When you look at the center of this advertisement, you see charming details: beautiful blue water surrounded by paradise, an image of a dreamy and fresh vacation. Zoom out and you will notice the scene is framed by the silhouette of a hand; it’s as if the paradise is literally in arm’s reach. Within the details you will find a different meaning than a perfect vacation. What is the hand shaped like? The wrist is dainty, the fingers are thin and shapely- and at the end of each finger is a finger nail that protrudes about a fifth of an inch out. The nails are obviously manicured; it’s a woman’s hand. Zoom out again and you’ll see the advertisement is for Dawn dish soap. The slogan reads, “Send your hands to a spa without leaving the kitchen.” This magazine ad is promoting a product that will bring paradise to your life, a seduction of serenity, all through dish soap, and this ad obviously is targeted to women specifically.
For as long as we’ve been civilized, men and women have had their own strict gender responsibilities. In the 20th century, women were bombarded from every angle to be the perfect house wife. Husbands put bread on the table, that is their role, and in popular culture men are given a scapegoat: they do not have the time to clean like women do and they do not know how to as well as women. So women keep the house clean, Mom cooks dinner and does the dishes, your sister cleans the bathroom and your brother mows the lawn- the expectations can start so early to be the perfect you in your gender role. Maybe things are not as stereotypical in the 21st century, yet we still have these dish soap ads targeted directly to women. Do you think a man would stop to look at this advertisement while flipping through a magazine? Do you think he would really see those fingernails and think, “Hey, maybe this would apply to me!” This ad is automatically dismissible to men. They have their own gender role and expectations, and manicured nails are not forgivable to be checking out in a magazine.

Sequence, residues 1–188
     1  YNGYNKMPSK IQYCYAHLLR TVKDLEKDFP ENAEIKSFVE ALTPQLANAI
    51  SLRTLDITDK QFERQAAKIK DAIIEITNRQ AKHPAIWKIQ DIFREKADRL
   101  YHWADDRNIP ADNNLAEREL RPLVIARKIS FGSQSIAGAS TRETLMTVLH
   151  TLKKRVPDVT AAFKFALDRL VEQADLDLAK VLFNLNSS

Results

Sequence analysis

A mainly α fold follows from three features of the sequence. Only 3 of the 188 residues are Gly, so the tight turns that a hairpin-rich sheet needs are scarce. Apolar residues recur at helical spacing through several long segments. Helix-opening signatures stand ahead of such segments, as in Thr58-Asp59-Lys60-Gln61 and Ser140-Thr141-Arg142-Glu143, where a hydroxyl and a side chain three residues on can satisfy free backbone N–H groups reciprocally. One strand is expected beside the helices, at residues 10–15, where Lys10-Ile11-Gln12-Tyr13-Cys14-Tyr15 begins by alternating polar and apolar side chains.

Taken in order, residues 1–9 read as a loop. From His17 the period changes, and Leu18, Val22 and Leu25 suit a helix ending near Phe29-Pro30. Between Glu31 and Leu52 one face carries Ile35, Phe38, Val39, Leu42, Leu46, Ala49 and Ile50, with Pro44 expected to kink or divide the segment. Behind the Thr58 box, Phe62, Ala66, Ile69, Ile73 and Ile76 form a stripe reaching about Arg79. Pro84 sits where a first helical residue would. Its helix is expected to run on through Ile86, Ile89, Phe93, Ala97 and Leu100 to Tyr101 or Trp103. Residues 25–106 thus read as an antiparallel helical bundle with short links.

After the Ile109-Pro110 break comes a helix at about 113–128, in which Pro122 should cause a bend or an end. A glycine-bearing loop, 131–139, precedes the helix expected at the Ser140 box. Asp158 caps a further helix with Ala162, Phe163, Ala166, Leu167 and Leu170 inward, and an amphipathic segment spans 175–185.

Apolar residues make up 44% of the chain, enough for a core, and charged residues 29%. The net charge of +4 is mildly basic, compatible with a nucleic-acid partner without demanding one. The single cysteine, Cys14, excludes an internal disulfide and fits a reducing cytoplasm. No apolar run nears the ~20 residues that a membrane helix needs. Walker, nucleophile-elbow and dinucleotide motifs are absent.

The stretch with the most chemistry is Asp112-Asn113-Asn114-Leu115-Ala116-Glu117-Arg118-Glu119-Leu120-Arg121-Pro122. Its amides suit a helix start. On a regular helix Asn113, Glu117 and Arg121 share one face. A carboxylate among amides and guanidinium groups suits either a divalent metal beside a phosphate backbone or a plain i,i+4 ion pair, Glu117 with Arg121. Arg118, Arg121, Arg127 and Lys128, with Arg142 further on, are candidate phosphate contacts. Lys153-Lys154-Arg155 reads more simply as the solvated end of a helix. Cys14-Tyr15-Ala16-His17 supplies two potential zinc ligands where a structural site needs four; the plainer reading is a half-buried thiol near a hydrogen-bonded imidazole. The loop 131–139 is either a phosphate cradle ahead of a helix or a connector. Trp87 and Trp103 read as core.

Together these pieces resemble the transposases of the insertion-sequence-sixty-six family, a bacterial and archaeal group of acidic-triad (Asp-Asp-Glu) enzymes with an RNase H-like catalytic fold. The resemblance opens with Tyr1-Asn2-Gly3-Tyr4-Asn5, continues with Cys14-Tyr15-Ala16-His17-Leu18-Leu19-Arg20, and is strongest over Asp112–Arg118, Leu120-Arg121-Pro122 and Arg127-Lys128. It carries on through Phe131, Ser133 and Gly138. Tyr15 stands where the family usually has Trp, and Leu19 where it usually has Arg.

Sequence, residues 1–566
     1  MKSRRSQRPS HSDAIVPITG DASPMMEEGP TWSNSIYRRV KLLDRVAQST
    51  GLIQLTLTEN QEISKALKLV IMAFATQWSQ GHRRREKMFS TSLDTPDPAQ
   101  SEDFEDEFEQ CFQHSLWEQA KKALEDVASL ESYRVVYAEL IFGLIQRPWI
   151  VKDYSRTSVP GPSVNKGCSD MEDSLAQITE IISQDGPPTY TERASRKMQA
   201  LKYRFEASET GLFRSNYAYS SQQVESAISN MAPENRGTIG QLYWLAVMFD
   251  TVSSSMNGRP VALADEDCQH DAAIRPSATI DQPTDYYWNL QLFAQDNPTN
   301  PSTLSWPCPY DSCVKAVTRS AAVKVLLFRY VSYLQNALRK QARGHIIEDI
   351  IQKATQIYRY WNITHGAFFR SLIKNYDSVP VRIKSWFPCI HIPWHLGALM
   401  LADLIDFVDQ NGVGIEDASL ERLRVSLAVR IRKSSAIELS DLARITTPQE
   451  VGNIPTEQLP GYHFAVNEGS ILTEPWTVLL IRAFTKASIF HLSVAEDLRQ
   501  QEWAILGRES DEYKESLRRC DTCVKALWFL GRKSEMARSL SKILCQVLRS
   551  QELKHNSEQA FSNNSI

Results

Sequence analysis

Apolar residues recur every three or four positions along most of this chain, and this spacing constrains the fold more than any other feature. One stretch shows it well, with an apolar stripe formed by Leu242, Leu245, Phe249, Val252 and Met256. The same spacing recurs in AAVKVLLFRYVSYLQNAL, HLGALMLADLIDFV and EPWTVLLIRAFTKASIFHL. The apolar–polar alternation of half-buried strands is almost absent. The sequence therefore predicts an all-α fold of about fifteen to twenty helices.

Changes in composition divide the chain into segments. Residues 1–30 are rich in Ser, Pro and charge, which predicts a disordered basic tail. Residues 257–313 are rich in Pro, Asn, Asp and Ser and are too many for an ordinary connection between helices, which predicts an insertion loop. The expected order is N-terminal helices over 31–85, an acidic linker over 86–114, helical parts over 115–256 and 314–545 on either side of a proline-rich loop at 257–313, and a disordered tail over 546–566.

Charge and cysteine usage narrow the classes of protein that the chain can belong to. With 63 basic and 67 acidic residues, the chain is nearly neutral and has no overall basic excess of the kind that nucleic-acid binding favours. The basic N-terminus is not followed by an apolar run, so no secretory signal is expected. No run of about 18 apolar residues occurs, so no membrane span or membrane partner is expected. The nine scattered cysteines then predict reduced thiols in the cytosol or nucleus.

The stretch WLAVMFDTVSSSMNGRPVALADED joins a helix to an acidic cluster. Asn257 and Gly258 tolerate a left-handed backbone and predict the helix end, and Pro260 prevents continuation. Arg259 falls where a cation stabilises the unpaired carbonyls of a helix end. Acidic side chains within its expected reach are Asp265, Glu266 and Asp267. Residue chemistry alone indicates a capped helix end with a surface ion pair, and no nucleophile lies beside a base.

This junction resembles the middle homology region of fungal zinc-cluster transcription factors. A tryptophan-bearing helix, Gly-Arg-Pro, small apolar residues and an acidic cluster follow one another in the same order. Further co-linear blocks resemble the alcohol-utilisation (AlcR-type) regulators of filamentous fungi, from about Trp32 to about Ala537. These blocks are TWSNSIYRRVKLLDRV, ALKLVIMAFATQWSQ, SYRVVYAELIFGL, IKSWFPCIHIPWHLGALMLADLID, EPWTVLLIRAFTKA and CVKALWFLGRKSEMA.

This advertisement is a couple years older, nowadays Dawn advertises with pictures of cute baby seals and talks about how they’re soap helps save the planet (thankfully you cannot find much sexism with eco-friendliness.) These gender expectations run deep in our media: mop advertisements show actresses cleaning. You even see new Swiffer commercials with women “breaking up” with their old mops for their shiny new Swiffer mop-boyfriends. Why can’t a man have a romantic relationship with a mop? Do mops have to be boys? Perhaps that makes lawn mowers girls, which is why men are comfortable using them. If we are still talking about sexism, perhaps mops have a higher yearly salary than lawn mowers?
Women cleaning, cooking, modeling lingerie and taking the kids to soccer practice, that is all magazine ads and television commercials make me feel good for. I feel pessimistic when I see this ad: will soap ever be targeted to a masculine market? I want my paradise soap to be humanity-friendly. It was not until I started taking Sociology classes that I noticed the vast amount of ideology in the media and popular culture affecting my life. It makes me wonder if everything my generation aspires towards is artificial or real.
How is the average 20 year old female supposed to feel? Most American women this age feel overweight, and that has nothing to do with their BMI number, but the way they compare themselves to a Victoria’s Secret model, who is probably not much older than each young adult woman that feels this way, and although the model may be very pretty, she’s digitally altered. I feel unsuccessful because I do not have time for all of my favorite hobbies while I am attending school, and I will not feel successful until I graduate with a Master’s degree and also have time for those hobbies, 5 years from now, not to mention I have to be married by age 30. This ideology makes me think of my mother, at age 54, who still cleans and scrubs her entire house every day, even after her major neck surgery. I think this Dawn dish soap ad, and many others, got to my mother, and many other women, deep down.
The only solution I have to offer is awareness. I feel better knowing that I am aware that I do not have to strive to be the perfect housewife. A lot of women think they have to be a size 2 to be sexy, but I know for me that is physically impossible and thus unrealistic and not worth my time. I know men that know how to clean their house just as well, if not better than I do, and I know women who make more money than minimum wage, and that gives me hope that our society is not so far away from giving up on these ridiculous gender expectations.